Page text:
Friday, 02 February 2024 12:55

Oz tractor sales in reverse

Written by  Mark Daniel
Tractor sales in Australia fell last year. Tractor sales in Australia fell last year.

Given that the Australian tractor and machinery market saw meteoric sales in 2021 and 2022, it was always expected that 2023 would be a little tempered.

December followed a pattern of declines seen earlier in the year, with tractor sales for the month at around 1100 units and 35% behind the same month last year, bringing the year-to-date figure to 14,500, a 25% fall over the same period in 2022.

The picture was a little brighter in dollar terms, with sales 13% ahead of the same month last year, but ending the year 14.5% in arrears of 2022, suggesting that the biggest declines had occurred in the smaller size ranges.

Deficits were experienced in all categories, with the only exception being the over 200hp (150kW) range which climbed 117% on the same month last year and finished the year just 6% behind 2023. Much of the activity for larger tractors appears to have occurred in Western Australia, where a late rush to deliver machines by year end played a part in the final tally.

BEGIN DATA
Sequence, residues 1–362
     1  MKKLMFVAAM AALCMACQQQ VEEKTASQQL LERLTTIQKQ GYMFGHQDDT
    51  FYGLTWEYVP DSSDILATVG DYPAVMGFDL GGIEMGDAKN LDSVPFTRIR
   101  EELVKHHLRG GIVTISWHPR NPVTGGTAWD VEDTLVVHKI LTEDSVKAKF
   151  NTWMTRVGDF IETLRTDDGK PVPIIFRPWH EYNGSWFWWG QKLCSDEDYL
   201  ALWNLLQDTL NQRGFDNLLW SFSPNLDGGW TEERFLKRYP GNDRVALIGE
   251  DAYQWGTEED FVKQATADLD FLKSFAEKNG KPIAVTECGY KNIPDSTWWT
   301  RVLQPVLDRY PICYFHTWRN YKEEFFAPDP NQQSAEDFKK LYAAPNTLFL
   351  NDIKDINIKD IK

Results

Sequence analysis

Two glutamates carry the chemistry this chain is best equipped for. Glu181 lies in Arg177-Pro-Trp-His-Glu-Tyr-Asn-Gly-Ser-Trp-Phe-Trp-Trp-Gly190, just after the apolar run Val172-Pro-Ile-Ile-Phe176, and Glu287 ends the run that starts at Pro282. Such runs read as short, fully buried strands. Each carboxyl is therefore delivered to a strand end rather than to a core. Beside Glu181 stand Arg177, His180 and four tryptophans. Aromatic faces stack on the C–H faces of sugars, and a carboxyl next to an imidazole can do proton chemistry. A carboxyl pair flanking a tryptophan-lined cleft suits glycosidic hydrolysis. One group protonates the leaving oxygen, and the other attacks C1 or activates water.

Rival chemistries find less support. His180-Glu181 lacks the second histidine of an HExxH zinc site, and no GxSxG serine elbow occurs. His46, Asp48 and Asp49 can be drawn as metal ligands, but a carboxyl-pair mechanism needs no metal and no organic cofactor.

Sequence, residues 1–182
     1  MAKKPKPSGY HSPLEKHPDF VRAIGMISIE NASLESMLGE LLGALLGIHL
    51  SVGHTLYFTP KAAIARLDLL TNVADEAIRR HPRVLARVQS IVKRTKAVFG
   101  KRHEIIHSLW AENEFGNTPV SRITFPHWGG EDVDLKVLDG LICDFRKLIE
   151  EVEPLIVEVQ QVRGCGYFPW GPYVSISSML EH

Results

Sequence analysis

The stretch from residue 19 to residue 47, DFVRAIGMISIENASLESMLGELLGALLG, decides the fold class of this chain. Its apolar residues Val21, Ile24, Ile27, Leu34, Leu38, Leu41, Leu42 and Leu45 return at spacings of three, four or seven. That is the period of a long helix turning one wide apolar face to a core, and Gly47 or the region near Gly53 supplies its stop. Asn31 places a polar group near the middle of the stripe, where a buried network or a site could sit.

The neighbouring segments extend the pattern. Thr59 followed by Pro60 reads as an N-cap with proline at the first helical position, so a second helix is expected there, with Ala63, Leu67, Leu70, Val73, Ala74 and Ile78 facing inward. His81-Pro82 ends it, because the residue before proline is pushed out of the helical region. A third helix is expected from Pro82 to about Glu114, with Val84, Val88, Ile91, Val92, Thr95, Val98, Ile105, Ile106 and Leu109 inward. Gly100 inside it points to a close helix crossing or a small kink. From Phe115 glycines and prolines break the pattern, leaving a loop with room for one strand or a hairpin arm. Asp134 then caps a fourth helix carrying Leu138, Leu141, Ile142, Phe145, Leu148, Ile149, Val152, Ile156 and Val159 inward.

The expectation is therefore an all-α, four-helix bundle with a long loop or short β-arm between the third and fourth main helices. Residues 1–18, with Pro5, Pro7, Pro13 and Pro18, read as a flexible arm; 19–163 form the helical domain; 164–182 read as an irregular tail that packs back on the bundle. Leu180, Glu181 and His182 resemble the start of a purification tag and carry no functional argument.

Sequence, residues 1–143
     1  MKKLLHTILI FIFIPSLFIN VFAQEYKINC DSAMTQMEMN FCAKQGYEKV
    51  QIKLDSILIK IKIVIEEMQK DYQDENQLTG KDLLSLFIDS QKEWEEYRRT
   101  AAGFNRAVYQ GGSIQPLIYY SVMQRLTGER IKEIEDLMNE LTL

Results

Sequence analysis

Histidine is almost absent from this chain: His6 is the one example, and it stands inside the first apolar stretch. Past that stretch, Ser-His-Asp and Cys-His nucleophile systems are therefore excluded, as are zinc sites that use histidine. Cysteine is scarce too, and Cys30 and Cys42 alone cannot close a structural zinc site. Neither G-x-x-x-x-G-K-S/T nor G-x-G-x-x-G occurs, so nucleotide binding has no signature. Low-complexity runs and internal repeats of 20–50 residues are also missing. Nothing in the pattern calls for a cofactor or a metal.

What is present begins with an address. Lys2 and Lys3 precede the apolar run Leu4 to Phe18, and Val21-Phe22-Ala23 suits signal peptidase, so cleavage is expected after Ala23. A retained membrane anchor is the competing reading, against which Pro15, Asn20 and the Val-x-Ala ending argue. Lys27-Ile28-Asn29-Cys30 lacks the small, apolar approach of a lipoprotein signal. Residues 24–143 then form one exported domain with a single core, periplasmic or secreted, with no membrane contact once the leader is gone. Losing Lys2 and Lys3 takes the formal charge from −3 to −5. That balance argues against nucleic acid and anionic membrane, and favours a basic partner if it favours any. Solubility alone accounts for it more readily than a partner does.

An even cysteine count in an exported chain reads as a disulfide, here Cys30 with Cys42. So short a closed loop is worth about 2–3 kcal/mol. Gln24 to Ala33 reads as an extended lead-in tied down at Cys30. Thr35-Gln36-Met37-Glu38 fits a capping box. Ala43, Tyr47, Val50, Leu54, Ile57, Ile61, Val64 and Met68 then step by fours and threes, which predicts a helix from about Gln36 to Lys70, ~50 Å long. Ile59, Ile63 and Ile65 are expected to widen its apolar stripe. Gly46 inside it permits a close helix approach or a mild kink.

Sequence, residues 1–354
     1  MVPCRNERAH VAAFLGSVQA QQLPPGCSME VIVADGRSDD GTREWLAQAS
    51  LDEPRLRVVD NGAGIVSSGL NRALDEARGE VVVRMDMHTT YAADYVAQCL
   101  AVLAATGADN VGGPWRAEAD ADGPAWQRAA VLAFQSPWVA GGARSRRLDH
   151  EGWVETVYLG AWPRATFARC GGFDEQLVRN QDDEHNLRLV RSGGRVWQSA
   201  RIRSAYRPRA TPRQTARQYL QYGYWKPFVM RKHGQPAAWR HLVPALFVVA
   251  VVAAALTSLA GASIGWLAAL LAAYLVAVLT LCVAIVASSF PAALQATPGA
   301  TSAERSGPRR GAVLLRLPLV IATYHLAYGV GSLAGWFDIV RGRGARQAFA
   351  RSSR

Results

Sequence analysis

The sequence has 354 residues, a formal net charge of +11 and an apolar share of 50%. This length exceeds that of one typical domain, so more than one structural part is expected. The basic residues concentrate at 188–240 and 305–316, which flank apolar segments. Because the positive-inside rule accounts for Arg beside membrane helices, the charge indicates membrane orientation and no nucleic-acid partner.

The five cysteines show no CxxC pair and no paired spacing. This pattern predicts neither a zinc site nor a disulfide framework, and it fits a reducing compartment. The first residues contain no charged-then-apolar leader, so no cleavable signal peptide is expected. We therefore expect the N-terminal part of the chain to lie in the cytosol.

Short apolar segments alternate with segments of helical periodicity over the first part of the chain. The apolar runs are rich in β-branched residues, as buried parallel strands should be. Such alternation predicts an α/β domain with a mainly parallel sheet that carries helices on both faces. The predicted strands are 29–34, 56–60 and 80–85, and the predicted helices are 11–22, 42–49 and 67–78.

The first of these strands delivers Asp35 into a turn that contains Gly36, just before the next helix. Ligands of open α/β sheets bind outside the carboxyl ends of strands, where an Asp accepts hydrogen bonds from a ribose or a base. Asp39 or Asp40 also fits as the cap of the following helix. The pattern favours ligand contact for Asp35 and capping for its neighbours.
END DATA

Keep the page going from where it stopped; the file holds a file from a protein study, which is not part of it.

The under 40hp (30kW) category was down 56% for the month of December and is now 30% behind 2022, with industry experts noting that this “leisure” market has always been susceptible to interest rate rises, which had driven the result.

In the 40 to 100hp (30-75kW) sector, the result for the last month of the year was down 45% and finished 28% behind year to date, while the 100 to 200hp (75-150kW) category was down 37%, ending 26% behind YTD.

Around the country, all states experienced significant drops in December, with Queensland, down 33% month-onmonth against 2022 and 23% behind for the year. NSW was down 35% to be 27% off YTD, while Victoria was off 49% and ended 31% behind the last year.

Sales in Western Australia were down 8% and ended 18% behind last year; South Australia was down 15% against the same month last year, 16% behind full year; Tasmania was off 30% for the month, 22% full year; with sales in the NT finishing 19% down for the year.

Sales of combine harvesters finished the year strongly, taking the full year tally to just under 1100 units, down 7% on 2022, while baler sales continued mixed fortunes throughout the year, down 20% on December and finishing the year just two units under last year’s total.

The outlook for 2024 suggests a return to more ‘normal’ levels, however the combination of things like the El Nino effect and ongoing supply chain challenges makes accurate forecasting as challenging as it has ever been.

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